"Where Fillmore County News Comes First"
Tuesday, September 2nd, 2014
Volume ∞ Issue ∞
Fri, Aug 1st, 2003
Posted in Features
Posted in Features
Fillmore County has reached a most significant milestone. Itís now 150 years old.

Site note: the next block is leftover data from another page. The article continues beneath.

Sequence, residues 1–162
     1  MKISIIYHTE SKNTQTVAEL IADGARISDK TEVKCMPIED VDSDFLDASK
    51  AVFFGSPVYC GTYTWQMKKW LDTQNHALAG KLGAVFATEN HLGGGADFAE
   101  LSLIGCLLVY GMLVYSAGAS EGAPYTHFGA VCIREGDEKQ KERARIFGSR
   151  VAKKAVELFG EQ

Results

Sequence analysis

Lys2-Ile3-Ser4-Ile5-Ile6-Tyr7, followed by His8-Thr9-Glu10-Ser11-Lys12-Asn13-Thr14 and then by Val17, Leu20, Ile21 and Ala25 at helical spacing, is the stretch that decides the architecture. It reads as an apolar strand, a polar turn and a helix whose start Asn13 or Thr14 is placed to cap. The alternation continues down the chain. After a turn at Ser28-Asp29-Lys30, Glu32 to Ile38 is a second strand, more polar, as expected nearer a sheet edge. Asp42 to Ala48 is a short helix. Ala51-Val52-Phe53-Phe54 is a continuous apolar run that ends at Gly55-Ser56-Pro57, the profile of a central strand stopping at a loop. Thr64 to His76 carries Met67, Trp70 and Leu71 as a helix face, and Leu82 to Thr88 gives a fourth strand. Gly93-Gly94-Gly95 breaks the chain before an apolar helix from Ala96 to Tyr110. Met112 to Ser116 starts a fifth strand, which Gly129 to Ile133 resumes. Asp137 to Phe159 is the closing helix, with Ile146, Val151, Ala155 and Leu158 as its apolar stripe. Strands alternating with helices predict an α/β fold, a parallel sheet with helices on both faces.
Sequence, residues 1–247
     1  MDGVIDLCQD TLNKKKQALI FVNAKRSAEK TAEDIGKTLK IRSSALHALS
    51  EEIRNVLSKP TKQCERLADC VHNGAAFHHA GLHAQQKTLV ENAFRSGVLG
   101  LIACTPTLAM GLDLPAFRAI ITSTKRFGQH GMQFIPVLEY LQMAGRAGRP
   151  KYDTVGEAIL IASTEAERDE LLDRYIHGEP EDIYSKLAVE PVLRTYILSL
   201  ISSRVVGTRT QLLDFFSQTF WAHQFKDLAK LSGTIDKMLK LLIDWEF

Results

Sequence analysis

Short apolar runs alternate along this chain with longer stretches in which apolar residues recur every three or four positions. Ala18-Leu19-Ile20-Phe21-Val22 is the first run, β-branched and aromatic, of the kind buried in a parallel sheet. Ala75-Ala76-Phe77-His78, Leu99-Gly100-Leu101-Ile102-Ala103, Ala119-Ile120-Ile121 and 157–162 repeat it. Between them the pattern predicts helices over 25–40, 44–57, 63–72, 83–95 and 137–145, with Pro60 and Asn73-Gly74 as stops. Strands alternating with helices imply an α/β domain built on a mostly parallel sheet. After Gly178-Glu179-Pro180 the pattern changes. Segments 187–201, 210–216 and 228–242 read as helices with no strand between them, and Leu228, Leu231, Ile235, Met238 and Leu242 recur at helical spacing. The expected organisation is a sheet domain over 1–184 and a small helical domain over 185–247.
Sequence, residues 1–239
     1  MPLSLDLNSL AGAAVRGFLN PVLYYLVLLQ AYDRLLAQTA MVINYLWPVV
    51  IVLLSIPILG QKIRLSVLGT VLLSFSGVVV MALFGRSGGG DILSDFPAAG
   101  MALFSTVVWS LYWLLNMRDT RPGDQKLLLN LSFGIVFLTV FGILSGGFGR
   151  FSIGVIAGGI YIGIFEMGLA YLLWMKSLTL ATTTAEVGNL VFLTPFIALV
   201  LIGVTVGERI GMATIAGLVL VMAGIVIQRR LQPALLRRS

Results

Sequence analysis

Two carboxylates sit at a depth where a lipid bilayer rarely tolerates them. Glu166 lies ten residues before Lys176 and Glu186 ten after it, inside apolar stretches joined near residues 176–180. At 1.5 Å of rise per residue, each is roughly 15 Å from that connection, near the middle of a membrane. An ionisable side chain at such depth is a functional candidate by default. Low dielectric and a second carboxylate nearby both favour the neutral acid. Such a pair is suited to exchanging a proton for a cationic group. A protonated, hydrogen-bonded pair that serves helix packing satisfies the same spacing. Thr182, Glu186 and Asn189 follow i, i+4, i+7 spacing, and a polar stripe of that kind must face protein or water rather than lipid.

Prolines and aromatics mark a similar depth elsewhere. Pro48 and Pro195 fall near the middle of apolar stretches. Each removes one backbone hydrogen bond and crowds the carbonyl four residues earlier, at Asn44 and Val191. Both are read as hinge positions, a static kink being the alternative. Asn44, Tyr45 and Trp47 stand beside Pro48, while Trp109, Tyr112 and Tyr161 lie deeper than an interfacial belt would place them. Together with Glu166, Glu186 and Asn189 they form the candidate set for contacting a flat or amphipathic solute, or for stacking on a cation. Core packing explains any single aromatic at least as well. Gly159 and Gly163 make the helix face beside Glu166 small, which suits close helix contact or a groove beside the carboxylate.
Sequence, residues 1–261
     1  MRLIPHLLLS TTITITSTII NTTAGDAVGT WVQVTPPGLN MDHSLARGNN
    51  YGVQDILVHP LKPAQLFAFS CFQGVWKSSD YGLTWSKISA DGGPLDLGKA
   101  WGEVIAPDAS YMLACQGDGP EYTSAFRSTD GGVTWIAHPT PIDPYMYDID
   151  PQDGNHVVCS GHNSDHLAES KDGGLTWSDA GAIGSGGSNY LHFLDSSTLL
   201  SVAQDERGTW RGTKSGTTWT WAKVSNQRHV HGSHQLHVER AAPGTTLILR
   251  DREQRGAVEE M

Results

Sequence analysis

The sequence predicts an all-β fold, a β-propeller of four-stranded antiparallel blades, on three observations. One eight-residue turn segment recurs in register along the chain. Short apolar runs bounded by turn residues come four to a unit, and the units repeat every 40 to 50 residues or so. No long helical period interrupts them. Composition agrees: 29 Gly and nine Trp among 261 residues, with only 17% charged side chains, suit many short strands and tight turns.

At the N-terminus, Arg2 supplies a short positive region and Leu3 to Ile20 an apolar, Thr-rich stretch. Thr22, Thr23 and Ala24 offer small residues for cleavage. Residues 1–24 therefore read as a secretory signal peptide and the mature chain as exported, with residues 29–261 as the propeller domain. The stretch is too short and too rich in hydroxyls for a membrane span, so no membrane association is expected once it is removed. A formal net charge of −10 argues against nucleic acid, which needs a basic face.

Fillmore County was created from Wabasha County by a Legislative act approved March 5, 1853. Its boundaries were indefinite. In general, however, it included all of Houston, most of Winona, nearly all, if not all, of Fillmore, some of Olmsted and a little of Dodge and Mower. The Governor, in accordance with this act, appointed county officers, and the new governmental unit started to function with the first meeting of the county board held at Winona on May 28, 1853. Fillmore County was divided by a Legislative act approved February 23, 1854. Winona and Houston Counties were created and the boundaries of Fillmore, Wabasha and Goodhue Counties redefined. All the government functions of the original Fillmore County had centered about Winona. All the county officials lived in that vicinity. It was therefore necessary to set up an entirely new organization for the curtailed Fillmore County. Three new county commissioners, appointed by the Governor, met at Chatfield on August 28, 1854, and organized the present county. New officers were appointed and new election districts defined. Beginning in 1858, Minnesota experimented for a short time with county boards of supervisors, consisting of the chairman of each township and representatives of incorporated municipalities. The county board of supervisors of Fillmore County held its first meeting on September 14, 1858, and its last meeting on January 5, 1860. The State then returned to the commissioner system of county government. The new board of Fillmore County commissioners, elected at large, met on June 4, 1860, and two days later, divided the county into five commissioner districts. The next board, which first met on January 1, 1861, consisted of a representative from each of these five districts. The governing body of the county still consists of five members, each representing a district. Townships Formed Two of the seven original election precincts embraced portions of the present Fillmore County, the Brownsville Precinct taking in the southern three-fourths and the Root River Precinct taking in the northern one-fourth. The county was divided into assessment districts on January 2, 1854. The northern part of the present county was placed in the second district and the southern part was placed in the third district. After the county was reorganized, the new commissioners on August 28, 1854, divided the curtailed area into six election precincts, the predecessors of the present townships. Twenty-two townships were created on April 6, 1858, and the first election of township officers was called for May 11, 1858. These townships were Amherst, Beaver, Bloomfield, Carimona, Carrolton, Chatfield, Douglass, Elyria, Fillmore, Forestville, Fountain, Harmony, Jordan, Newburgh, Pilot Mound, Preble, Preston, Rushford, Spring Valley, Sumner, Union and York. Each embraced a full Congressional township, except Rushford and Douglass, which embraced two. Arendahl Township was organized from a part of Rushford Township on April 1, 1860. Douglass Township was split into Holt and Norway on January 8, 1862. The name of Elyria was changed to Canton on January 5, 1860. With the exception of the municipalities, which have been from incorporated from their areas, all townships have regular boundaries, following the Congressional Survey. The boundary lines of Fillmore County as set off by the Legislative act of 1854 were the same as they are today with the addition of six townships on the north. These six townships were added to Olmsted County in 1855 leaving Fillmore comprising the townships 101, 102, 103, 104 north, ranges 8,9,10,11,12,13 west, and making it 36 miles from east to west and 24 miles from north to south. Since that time the boundaries have not changed. County Seat The county seat question was left open in the act that created Fillmore County, the duty of making the choice being enjoyed upon by the first elected board of county commissioners. All the officials of the new county were residents of Winona or vicinity, and the Winona Hotel, where the first appointed board of county commissioners held its first meeting, became the county headquarters. A few early meetings were also held in private homes in the same vicinity, including Minnesota City and Minneowah (Homer). In the meantime, a group of speculators had selected the site of Chatfield for a land promotion scheme and had interested some of the county officials. As a part of this scheme, and despite the fact that the appointed county commissioners had no legal authority in the matter, two of the commissioners, with a man whom they had named as temporary clerk for this particular purpose, met on December 19, 1853, in the only shack on the site of Chatfield and named the place as the county seat. The two commissioners, however, ignored their own action and held their next and last meeting at Minneowah. The first elected board, which took office on January 2, 1854, likewise ignored the action and held its early meetings at Winona, Minneowah and Minnesota City. This board did, however, set about at its first meeting to obey the legislative mandate to select a county seat. The result was one vote each for Chatfield, Winona and Minnesota City. Finally on January 30, 1854, Chatfield was selected by a 2 to 1 vote. On March 14, 1854, the board again met at Winona, but this was the last meeting of the board of commissioners of Fillmore County held outside its present limits. The board held its next and last meeting at Chatfield on April 7, 1854. The early Fillmore County seat controversies were purely a struggle between the conflicting financial interests of persons interested in town site promotion and had nothing to do with the convenience of citizens. The nearest settler to the lone shack at Chatfield was a squatter at St. Charles, some 12 miles away, and it is probable that the settlers who were drifting into the southern part of the county had no knowledge of the county organization. The people of the reorganized county found themselves with a county seat, which was not only on the extreme edge of their county, but partly in another county. The Legislature came to their relief and on March 2, 1855, established the county seat at Carimona, almost in the center of the county. County offices were move to the new location shortly afterward and the commissioners held their first meeting there on July 2, 1855. Another change came within a year. Authorized by an act of the Legislature, the voters selected Preston as the county seat on April 7, 1856. The board of county commissioners held its last meeting at Carimona on April 25th and ordered the records and furniture moved to Preston. The following day the board met in Preston. An attempt to move the county seat back to Carimona was made in 1859, but the county supervisors rejected the petition by a vote of 11 to 10. In 1863 an act of the Legislature authorized the return of the county seat to Carimona subject to a vote by the people. Provision was also made that any responsible persons who wished to present the county with a courthouse in whichever village should be selected, might submit plans and specifications for the building they proposed to erect, together with bonds to insure the performance of their agreement. Groups representing both places filed the required documents, and without waiting for the outcome of the election, the people of Preston began the construction of a courthouse in May. At the ensuing election on November 3, 1863, Preston won by a majority of 556. Millard Fillmore Fillmore County was named in honor of Millard Fillmore, the thirteenth president of the United States. With the untimely death of then president, Zachary Taylor, on July 9, 1850, vice-president, Millard Fillmore assumed the position of the nationís highest office the following day. On March 4, 1853, Mr. Fillmore, having served only one term, retired from office. Millard Fillmore was born on February 7, 1800 in the township of Locke (now Summerhill), Cayuga County, New York. He was the second son of Nathaniel Fillmore and Phoebe Millard. His political career began and ended with the birth and extinction of the Whig Party. After his retirement from office, he resided in Buffalo, New York until his death on March 8, 1874 at the age of 75. Mr. Fillmore was responsible for establishing the Buffalo Historical Society and was often called upon to welcome distinguished visitors to his city. Jerry D. Henke is the Executive Director of the Fillmore County History Center in Fountain.